The Cowboys lost as did the Patriots. ::sneer::
And peaking of Patriots…
* * *
-=[ Nationalism vs. Patriotism ]=-
“I call him a patriot who rebukes his country for its sins and does not excuse them.”
“Patriotism is proud of a country’s virtues and eager to correct its deficiencies; it also acknowledges the legitimate patriotism of other countries, with their own specific virtues. The pride of nationalism, however, trumpets its country’s virtues and denies its deficiencies, while it is contemptuous toward the virtues of other countries. It wants to be, and proclaims itself to be, ‘the greatest,’ but greatness is not required of a country; only goodness is.”
Many years ago, George Orwell wrote a prescient essay on the differences between nationalism and patriotism Orwell’s Notes on Nationalism, has as much relevance today as it did when it was written right before the lead up to WWII as nationalistic fervor fed the fires of Nazism and fascism.
Too many people– in every country — confuse nationalism for patriotism. When I listen to the nationalistic fervor stoked by McCain and Palin, for example, it worries me, because it’s an appeal to fear to a population feeling betrayed — a population looking for any excuse to explode. The McCain/ Plain campaign’s strategy is to paint Obama as “the other” — as different and unpatriotic. It’s been a one-note campaign mostly because neocons don’t know any other strategy.
Usually it works: tar and feather a candidate by coming up with the scary face of a black killer — a Willie Horton. Dismiss people who dare question the wisdom of our current foreign policies as “unpatriotic.” Paint Kerry as “French” and deride him for having the courage to speak out against the immorality of a war we should’ve never fought. Tar and feather Obama as an uppity nigger (the nerve of a Harvard education!) who “pals around with terrists.”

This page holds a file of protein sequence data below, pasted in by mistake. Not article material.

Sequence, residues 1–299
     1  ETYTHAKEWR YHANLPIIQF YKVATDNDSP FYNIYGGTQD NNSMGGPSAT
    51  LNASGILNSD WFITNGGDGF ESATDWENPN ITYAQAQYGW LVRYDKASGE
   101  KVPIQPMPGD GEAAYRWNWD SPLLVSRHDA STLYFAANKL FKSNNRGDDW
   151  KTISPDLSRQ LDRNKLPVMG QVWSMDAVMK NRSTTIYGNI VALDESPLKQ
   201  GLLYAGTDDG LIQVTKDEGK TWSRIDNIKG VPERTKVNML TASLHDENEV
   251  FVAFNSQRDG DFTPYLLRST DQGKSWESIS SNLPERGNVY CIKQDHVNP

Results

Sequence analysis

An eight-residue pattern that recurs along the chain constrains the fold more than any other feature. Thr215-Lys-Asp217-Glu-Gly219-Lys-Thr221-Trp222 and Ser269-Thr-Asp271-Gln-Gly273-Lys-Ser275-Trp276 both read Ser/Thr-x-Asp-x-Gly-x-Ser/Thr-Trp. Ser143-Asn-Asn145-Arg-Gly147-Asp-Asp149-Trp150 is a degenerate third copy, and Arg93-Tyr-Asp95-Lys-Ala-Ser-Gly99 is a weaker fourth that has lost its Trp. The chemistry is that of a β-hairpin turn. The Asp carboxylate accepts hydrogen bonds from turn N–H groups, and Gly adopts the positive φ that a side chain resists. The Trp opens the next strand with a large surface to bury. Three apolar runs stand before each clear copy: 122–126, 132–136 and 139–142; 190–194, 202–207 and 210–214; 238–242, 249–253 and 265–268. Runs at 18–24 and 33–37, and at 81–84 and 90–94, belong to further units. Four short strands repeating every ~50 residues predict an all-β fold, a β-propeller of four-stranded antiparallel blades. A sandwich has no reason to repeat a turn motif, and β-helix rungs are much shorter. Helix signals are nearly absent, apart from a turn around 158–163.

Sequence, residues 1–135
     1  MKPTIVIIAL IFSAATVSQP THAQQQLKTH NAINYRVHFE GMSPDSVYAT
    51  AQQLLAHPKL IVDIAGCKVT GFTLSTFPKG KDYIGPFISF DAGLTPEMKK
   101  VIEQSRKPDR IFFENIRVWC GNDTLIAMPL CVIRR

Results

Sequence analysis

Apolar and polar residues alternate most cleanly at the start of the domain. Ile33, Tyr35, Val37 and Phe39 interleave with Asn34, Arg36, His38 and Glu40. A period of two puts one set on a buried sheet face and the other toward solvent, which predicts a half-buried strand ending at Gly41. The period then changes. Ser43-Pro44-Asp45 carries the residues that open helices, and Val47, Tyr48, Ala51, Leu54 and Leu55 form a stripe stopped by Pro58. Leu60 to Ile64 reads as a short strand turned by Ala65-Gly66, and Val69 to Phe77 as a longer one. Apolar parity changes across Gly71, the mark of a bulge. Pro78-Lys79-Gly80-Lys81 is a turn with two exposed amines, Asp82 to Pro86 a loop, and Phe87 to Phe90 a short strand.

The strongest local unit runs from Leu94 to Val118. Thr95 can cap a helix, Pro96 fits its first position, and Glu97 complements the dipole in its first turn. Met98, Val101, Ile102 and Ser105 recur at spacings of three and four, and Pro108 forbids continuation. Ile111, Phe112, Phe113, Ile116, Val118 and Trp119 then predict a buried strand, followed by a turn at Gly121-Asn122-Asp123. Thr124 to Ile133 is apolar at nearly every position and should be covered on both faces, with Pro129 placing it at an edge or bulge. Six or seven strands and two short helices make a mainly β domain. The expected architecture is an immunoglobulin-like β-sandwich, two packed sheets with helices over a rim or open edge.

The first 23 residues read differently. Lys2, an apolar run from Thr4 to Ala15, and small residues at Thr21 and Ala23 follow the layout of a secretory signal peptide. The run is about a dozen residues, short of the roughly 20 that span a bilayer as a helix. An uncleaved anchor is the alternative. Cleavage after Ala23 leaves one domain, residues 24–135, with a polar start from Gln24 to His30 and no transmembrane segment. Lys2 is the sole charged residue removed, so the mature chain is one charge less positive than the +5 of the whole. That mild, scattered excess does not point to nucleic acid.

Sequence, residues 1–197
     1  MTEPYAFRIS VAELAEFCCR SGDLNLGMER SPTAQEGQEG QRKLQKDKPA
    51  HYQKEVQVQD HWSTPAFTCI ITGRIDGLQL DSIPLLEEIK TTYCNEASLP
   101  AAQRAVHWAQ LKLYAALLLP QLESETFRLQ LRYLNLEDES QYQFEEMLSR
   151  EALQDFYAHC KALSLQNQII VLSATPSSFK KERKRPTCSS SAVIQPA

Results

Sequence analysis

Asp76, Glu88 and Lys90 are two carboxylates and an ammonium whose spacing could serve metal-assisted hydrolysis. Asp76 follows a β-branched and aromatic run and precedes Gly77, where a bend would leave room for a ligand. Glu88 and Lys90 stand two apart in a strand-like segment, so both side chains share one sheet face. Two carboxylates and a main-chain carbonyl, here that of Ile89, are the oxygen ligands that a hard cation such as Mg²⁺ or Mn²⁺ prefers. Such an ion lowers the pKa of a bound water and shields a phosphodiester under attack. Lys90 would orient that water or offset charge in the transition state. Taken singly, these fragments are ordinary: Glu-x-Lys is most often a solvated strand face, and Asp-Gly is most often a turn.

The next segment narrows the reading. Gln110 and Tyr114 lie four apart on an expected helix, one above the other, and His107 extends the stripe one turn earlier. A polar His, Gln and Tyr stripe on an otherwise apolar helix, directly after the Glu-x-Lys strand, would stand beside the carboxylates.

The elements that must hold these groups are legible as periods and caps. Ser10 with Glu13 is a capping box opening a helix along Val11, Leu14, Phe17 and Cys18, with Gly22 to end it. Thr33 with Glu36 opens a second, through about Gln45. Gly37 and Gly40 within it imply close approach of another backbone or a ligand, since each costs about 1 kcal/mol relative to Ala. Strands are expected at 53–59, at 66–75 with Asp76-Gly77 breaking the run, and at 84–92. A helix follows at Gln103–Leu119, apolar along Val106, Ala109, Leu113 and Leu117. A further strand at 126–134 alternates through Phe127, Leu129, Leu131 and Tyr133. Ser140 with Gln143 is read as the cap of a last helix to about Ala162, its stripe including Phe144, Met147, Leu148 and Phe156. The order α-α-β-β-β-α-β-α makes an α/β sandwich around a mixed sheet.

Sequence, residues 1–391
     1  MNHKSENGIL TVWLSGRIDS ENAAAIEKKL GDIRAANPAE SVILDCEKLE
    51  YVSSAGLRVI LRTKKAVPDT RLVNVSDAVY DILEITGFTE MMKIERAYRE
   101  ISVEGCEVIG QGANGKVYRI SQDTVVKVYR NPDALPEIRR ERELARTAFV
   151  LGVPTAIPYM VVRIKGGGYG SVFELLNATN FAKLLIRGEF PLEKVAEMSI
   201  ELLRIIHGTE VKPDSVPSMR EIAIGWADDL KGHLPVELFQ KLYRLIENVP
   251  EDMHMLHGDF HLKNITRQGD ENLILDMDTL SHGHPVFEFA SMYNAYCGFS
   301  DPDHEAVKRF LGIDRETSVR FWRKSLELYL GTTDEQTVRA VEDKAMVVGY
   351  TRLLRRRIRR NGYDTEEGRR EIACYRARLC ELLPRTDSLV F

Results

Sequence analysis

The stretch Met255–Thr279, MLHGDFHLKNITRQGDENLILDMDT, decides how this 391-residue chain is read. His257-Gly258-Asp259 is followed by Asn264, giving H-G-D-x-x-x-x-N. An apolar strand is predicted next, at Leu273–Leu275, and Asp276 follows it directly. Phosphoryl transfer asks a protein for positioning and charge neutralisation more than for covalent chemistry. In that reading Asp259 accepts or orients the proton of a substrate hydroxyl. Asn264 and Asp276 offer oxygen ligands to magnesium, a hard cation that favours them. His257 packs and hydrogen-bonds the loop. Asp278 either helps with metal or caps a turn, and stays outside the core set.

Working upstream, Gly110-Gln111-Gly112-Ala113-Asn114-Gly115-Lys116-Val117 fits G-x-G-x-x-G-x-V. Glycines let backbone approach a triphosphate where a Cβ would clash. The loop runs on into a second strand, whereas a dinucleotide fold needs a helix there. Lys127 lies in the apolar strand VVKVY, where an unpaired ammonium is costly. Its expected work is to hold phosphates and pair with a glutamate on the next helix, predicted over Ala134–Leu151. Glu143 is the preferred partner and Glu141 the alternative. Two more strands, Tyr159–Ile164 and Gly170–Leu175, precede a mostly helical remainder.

It’s not working this time around. It’s not working partly because the failures of decades of lunatic conservative economic policies have created a global financial meltdown. It’s not working mostly because for the first time in a long time, a candidate has had the audacity to appeal to what’s good within us — to our hopes rather than our fears.
Like Orwell, I view nationalism as patriotism’s ugly stepsister. Orwell defined patriotism as “devotion to a particular place and a particular way of life, which one believes to be the best in the world but has no wish to force upon other people.” I have no argument with this definition. Anyone would be hard put to find fault with it.
According to Orwell, nationalism is the tendency of identifying oneself with a single nation or an idea, and “placing it beyond good and evil and recognizing no other duty than that of advancing its interests.” In other words, nationalism doesn’t have to be based on a country. This same fanaticism can be applied to any “ism”: Neo-Conservatism and Fundamentalism (of any religion), for example. Whether it’s based on a country or an “ism,” nationalism always contains that dangerous combination of blind fanaticism and a lack of concern for reality.
In nationalism, thoughts “always turn on victories, defeats, triumphs and humiliations… Nationalism is power-hunger tempered by self-deception.” Moreover, that self-deception leads to catastrophic miscalculations based on delusions rather than facts. Orwell stated:
“Political and military commentators, like astrologers, can survive almost any mistake, because their more devoted followers do not look to them for an appraisal of the facts but for the stimulation of nationalistic loyalties.”
In other words, whatever happened to the widely held neocon assertion that the Iraqis would’ve greeted us as liberators and showered us with rose petals and free poosie?
But to really appreciate Orwell and understand how he had our current foreign policy down pat you only need to read this quote:
“All nationalists have the power of not seeing resemblances between similar sets of facts. Actions are held to be good or bad, not on their own merits but according to who does them, and there is almost no kind of outrage — torture, the use of hostages, forced labor, mass deportations, imprisonment without trial, forgery, assassination, the bombing of civilians — which does not change its moral color when committed by ‘our’ side.… The nationalist not only does not disapprove of atrocities committed by his own side, but has a remarkable capacity for not even hearing about them.”
It was Georges Santayana who said “… those who refuse to remember the past, are condemned to relive it.”
Any of this sounds familiar?